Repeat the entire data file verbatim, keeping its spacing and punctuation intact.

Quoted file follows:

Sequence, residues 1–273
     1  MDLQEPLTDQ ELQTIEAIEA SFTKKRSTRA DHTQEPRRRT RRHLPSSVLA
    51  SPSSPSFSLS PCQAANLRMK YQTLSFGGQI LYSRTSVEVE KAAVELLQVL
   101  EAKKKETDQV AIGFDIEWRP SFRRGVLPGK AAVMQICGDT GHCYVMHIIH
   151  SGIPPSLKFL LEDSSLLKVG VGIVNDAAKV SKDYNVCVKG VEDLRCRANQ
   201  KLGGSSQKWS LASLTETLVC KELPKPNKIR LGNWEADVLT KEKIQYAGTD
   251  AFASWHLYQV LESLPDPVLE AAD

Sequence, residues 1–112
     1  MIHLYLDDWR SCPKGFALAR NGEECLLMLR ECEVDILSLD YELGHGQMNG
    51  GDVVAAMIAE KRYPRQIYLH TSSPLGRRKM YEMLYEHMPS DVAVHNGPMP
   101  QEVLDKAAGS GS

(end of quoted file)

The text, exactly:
Sequence, residues 1–273
     1  MDLQEPLTDQ ELQTIEAIEA SFTKKRSTRA DHTQEPRRRT RRHLPSSVLA
    51  SPSSPSFSLS PCQAANLRMK YQTLSFGGQI LYSRTSVEVE KAAVELLQVL
   101  EAKKKETDQV AIGFDIEWRP SFRRGVLPGK AAVMQICGDT GHCYVMHIIH
   151  SGIPPSLKFL LEDSSLLKVG VGIVNDAAKV SKDYNVCVKG VEDLRCRANQ
   201  KLGGSSQKWS LASLTETLVC KELPKPNKIR LGNWEADVLT KEKIQYAGTD
   251  AFASWHLYQV LESLPDPVLE AAD

Sequence, residues 1–112
     1  MIHLYLDDWR SCPKGFALAR NGEECLLMLR ECEVDILSLD YELGHGQMNG
    51  GDVVAAMIAE KRYPRQIYLH TSSPLGRRKM YEMLYEHMPS DVAVHNGPMP
   101  QEVLDKAAGS GS